Traditionally, at the time inflammation fires, MG in resting state will be induced by different environments or factors, and "proinflammatory" or "anti-inflammatory" effects will appear (For example, stimulated by LPS, IFN-γ, the cell shows M1 type, and after IL-4 and IL-13 stimulation, it tends to represent as M2 type) [50]. Usually, M1 will participate in the secretion of pro-inflammatory factors (TNF-α, IL-6, et), aggravating inflammatory response of the environment, while M2 type may secrete protective, anti-inflammatory factors such as IL-10 to regulate the inactivation of pro-inflammatory cell phenotype, thereby maintaining the homeostasis of the environment [49]. Nevertheless, "polarization" in MG is not an issue on absolute conversion of phenotypes, but a relative status that overlaps in time and space. In recent years, with the endeavor in neuroinflammation research, the study on MG has become more comprehensive, and more scholars have advocated abandoning “M1/M2 typing” to represent the function state of MG in the study, but combining the technical knowledge of transcriptomics, proteomics, and single cell sequencing to dynamically observe or describe the changes of MG throughout the inflammatory response.


With findings in these years, AG, just like MG, are thought to make a significant contribution to immune response after TBI [51, 52]. Apart from the functions in homoeostasis, such as secreting active factors, supporting the neuron and the uptake of Ca2+, AG also have unique role in neural inflammation [53]. Following TBI, the cells are activated by mechanical damage, for they are sensitive to the physical stretch or pressure, enriched with corresponding mechanosensitive ion channels. Then, partly like injury tissue, some alert signals are released from the cells. Particularly, along with the calcium dysfunction [54], ATP participates in the cascade amplification reaction, that is, response in activation and recruitment of reactive AG, as well as other immune members (MG, neutrophil, et). In the meantime, with reaction to the injury, other factors also be secreted, like MMP-9, endothelin-1, and isoprostanes, which as well take part in the repairing or maintain the structures and functions in the brain. It is well known that AG is of importance in the integrity of the BBB [55, 56], the excitotoxicity aroused by glutamate, and the formation of glial scar, while just like the dualism of the inflammation, the reactivity of the AG also presents a double-edged effect [53, 57].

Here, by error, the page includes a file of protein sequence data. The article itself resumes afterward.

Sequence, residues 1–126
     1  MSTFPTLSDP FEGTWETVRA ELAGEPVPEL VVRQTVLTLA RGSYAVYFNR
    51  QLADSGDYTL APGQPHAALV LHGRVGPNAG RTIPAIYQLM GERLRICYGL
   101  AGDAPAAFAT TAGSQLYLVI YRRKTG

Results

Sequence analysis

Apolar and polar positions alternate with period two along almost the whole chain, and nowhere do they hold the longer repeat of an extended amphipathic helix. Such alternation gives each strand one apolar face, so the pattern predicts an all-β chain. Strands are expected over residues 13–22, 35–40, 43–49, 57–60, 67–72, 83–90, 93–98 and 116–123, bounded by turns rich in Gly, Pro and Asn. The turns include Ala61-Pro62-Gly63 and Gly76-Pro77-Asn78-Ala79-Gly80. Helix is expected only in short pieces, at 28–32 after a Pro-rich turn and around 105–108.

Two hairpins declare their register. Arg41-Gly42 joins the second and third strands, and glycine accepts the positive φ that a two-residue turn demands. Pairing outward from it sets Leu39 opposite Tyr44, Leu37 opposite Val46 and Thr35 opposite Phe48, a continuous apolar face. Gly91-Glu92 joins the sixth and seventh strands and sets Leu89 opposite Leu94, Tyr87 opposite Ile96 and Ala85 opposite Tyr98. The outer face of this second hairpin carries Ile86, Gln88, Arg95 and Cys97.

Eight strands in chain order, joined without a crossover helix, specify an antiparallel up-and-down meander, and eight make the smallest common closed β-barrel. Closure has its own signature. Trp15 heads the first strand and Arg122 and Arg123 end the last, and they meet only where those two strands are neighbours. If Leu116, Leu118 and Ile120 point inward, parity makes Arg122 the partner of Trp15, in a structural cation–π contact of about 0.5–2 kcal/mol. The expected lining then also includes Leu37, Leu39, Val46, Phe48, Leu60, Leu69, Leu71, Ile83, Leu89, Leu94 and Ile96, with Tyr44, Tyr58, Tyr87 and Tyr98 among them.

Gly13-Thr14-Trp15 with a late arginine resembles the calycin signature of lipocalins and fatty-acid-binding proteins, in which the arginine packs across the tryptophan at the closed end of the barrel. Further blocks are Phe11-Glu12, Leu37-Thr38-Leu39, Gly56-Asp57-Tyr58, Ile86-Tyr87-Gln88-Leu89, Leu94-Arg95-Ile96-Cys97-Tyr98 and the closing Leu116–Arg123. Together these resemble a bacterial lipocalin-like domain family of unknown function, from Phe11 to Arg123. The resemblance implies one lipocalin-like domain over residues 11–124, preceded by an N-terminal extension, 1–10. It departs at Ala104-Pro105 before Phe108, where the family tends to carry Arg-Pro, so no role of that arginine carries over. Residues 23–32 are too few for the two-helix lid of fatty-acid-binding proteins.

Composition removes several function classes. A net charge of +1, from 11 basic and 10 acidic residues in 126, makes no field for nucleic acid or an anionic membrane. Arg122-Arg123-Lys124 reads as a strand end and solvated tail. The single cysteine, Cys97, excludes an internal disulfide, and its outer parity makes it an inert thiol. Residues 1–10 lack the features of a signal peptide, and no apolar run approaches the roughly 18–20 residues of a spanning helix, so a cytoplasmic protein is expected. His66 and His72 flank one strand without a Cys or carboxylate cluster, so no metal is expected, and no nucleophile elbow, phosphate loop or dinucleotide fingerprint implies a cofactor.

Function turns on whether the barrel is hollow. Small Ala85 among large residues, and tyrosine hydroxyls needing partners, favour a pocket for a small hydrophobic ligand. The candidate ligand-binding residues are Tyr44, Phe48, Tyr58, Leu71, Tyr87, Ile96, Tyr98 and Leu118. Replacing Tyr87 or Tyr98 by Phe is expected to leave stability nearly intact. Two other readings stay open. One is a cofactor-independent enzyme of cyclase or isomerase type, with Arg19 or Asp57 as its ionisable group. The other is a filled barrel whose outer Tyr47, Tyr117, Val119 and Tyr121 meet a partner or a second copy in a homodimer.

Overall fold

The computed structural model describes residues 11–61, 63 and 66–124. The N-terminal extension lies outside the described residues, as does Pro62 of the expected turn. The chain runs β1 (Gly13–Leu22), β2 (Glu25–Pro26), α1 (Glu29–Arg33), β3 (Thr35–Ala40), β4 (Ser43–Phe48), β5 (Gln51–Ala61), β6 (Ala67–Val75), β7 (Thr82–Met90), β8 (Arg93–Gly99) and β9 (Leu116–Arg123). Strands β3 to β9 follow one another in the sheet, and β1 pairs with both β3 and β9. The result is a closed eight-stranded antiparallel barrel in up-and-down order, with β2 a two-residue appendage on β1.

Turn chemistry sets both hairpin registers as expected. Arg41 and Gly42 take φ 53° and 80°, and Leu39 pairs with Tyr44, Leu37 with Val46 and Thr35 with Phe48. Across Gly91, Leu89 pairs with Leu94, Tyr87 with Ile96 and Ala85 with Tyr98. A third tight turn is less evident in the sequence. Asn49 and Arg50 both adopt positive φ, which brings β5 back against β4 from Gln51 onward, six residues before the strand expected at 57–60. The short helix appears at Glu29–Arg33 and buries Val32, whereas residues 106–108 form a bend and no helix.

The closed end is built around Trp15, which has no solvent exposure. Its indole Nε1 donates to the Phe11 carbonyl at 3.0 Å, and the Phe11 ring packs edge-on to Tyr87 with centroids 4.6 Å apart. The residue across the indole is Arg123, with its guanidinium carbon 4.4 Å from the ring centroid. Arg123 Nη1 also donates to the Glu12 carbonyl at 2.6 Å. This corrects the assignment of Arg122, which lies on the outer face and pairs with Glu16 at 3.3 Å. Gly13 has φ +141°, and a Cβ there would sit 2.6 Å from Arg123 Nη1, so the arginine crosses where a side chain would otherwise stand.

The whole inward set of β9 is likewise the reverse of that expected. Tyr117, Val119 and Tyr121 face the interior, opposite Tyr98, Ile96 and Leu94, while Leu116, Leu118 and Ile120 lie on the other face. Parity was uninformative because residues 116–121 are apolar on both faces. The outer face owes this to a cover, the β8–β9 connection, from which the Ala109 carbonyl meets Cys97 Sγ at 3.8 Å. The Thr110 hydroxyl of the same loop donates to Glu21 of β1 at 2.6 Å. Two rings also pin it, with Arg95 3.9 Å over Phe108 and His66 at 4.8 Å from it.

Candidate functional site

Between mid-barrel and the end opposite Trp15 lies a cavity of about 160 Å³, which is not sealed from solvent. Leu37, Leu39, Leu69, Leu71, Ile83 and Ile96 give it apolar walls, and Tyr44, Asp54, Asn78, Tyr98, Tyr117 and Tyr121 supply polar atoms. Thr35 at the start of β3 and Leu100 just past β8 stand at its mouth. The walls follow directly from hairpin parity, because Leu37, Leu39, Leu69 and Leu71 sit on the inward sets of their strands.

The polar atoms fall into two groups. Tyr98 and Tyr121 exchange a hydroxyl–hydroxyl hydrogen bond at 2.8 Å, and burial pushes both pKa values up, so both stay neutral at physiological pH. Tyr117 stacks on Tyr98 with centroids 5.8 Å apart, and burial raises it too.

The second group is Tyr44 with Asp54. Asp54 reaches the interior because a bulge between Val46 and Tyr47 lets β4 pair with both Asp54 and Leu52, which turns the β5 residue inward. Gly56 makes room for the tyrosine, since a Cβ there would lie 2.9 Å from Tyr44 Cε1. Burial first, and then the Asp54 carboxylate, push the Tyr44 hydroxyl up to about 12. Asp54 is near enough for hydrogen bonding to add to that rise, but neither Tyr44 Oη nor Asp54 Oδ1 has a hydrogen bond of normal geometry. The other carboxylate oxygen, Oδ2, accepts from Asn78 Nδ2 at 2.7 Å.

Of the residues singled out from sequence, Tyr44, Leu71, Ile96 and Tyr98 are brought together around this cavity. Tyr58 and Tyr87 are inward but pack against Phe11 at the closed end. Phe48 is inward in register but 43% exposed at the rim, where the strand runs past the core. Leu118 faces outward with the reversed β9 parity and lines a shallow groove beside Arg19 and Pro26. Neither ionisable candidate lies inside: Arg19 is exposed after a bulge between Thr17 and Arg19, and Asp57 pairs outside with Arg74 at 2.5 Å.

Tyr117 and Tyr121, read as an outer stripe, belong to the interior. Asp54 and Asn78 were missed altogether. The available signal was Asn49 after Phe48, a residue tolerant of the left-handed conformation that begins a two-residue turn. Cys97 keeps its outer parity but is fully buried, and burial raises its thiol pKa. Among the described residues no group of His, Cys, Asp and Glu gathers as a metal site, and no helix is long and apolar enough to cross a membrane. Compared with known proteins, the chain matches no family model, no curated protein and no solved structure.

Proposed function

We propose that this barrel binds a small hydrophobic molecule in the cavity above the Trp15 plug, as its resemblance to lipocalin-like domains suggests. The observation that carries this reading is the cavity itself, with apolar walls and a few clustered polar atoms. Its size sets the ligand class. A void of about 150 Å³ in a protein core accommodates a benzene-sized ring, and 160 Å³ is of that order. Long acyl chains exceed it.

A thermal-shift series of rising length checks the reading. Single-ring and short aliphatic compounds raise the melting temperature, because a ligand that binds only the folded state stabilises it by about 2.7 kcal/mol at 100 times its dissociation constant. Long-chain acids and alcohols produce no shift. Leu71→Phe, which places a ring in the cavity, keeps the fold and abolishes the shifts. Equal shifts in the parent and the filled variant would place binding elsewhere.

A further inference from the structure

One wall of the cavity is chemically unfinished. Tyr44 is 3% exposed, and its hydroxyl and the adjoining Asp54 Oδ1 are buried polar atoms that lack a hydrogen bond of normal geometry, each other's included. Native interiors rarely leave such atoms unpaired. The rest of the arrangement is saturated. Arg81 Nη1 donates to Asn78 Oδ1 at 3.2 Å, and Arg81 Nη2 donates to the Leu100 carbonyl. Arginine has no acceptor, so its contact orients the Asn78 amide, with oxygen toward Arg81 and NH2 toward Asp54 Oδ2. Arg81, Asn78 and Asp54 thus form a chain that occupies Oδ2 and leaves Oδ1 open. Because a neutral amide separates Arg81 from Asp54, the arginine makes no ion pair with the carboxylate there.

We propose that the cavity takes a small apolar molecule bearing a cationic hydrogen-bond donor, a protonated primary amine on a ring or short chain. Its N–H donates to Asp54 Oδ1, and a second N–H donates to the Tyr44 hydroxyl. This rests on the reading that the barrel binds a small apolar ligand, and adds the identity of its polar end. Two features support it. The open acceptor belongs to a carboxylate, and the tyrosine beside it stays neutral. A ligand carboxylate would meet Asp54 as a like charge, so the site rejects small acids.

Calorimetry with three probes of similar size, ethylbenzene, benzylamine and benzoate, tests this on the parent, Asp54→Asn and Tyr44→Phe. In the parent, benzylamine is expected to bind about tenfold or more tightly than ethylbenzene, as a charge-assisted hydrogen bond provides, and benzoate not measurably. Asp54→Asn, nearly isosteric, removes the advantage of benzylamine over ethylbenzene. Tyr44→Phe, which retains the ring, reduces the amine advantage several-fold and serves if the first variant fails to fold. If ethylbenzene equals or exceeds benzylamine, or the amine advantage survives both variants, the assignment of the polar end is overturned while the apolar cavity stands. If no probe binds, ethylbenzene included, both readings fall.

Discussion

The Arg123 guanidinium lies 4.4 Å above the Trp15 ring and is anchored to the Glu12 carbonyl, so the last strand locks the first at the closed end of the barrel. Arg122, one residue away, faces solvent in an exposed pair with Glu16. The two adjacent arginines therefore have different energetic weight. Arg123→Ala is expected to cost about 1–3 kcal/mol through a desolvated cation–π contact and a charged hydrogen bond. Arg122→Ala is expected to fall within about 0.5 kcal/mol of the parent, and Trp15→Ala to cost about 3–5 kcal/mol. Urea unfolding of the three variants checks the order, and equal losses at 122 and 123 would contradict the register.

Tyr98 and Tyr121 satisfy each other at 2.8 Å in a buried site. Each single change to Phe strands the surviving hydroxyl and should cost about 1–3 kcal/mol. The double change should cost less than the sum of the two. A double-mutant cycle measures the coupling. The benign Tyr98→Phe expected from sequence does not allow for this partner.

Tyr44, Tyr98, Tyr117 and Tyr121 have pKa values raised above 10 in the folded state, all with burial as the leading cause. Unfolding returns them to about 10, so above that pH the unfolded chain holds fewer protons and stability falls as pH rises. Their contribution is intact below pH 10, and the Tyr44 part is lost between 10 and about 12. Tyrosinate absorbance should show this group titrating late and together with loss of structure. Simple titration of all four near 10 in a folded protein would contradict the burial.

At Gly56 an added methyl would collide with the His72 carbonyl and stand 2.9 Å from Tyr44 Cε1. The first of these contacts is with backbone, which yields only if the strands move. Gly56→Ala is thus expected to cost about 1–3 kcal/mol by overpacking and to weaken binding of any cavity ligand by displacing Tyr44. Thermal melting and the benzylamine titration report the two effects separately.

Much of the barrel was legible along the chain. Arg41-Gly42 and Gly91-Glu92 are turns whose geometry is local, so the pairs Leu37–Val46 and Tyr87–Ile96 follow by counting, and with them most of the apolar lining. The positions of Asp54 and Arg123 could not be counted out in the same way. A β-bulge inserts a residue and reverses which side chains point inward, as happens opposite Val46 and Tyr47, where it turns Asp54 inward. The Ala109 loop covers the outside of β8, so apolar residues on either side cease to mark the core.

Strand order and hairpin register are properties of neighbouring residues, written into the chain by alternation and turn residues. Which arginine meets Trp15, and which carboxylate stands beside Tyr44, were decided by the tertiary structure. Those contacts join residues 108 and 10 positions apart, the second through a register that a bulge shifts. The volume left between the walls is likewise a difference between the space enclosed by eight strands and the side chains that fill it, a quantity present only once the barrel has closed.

Reactive astrogliosis is the consequence of the response to TBI, with the changing in the morphology and the ethology of the AG, which is found to be both protective and harmful in the regeneration of the neural system. AG not only produce alarmins or DAMP (HMGB1, HSP, S100 proteins), interestingly, similar with the MG, but also have the TLR4 and RAGE to amplify neuroinflammation, inducing NF-κB transducing and resulting in the release of inflammatory factors such as cyclooxygenase-2, TNFα, connective tissue growth factors (CTGF), and MMP-9 [58]. It is also found that NF-κB can trigger cell swelling and edema associated with TBI [59], probably influenced by the dysfunction of the AQP1 rather than AQP4 [60]. In addition, in Sox2-deletion mice, markedly ameliorated injury-induced tissue loss and behavioral deficits was observed [61], which indicates the correlation between neuroinflammation and other pathologic response, is far beyond illustrating. Notably, the secretion of these initial signals hides the silver lining of the inflammation in TBI, for their can simultaneously aggravate inflammatory impairment or restore neural microenvironment.


Neurons are the fundamental constituents and basic functional unit in CNS. As fragile and delicate, even the mild trauma can lead to neuron loss and axonal injury [62]. As the main “victim” in TBI, neurons experience a series of pathological course which ultimately result in the enlargement of the neuroinflammation. The death of the neurons is accompanied with the degeneration of the associated axons, the two both act as powder-hose in the initiation of the neuroinflammation. In closed-head TBI model, the activation of the MG is localized at the region with injured neurons, which starts as the central of the inflammation [63].

TBI leads to series of profiles changes in neuron to present protective or harmful effects, initiating consequential inflammation and oxidative stress. For instance, induction of nociceptin/orphanin FQ [64], accounts for the pain, anxiety and even inflammation in rat model [65], and down-regulating IRF6 is proven to attenuate neuronal apoptosis [66]. The key to enhance the survival of new-born neurons from neurogenic niche, is lessening aberrant development and ectopic localization [67].


The study on the oligodendrocytes (OLs) in the inflammation after TBI is limited, in spite of the existed evidence that the cells are involved in the chronic demyelinating diseases. Different from the precursor cells (OPCs), those who have the ability in proliferation and differentiation, OLs is mature, non-differentiated, and sensitive to the excitotoxicity [68]. After traumatic axon injury, the OLs are prone to demyelination, along with the loss of action potential [69]. The loss of myelination, resulted from primary injury or secondary injury, may be accompanied with the loss of the axons, and induces OLs death end up with caspase 3-mediated apoptosis [70, 71]. Afterwards, axonal regeneration is inhibited by myelin debris and MG is activate as a further trigger of chronic neuroinflammation [44, 72, 73], resulting in neurodegeneration and cognitive impairment at last.